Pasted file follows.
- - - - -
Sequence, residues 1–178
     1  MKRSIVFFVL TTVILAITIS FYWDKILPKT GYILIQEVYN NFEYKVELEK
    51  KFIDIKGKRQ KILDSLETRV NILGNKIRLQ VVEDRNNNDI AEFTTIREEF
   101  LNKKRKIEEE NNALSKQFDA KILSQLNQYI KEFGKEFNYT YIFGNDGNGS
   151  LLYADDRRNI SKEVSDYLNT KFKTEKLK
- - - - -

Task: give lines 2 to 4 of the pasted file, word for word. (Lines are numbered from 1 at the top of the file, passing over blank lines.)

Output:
     1  MKRSIVFFVL TTVILAITIS FYWDKILPKT GYILIQEVYN NFEYKVELEK
    51  KFIDIKGKRQ KILDSLETRV NILGNKIRLQ VVEDRNNNDI AEFTTIREEF
   101  LNKKRKIEEE NNALSKQFDA KILSQLNQYI KEFGKEFNYT YIFGNDGNGS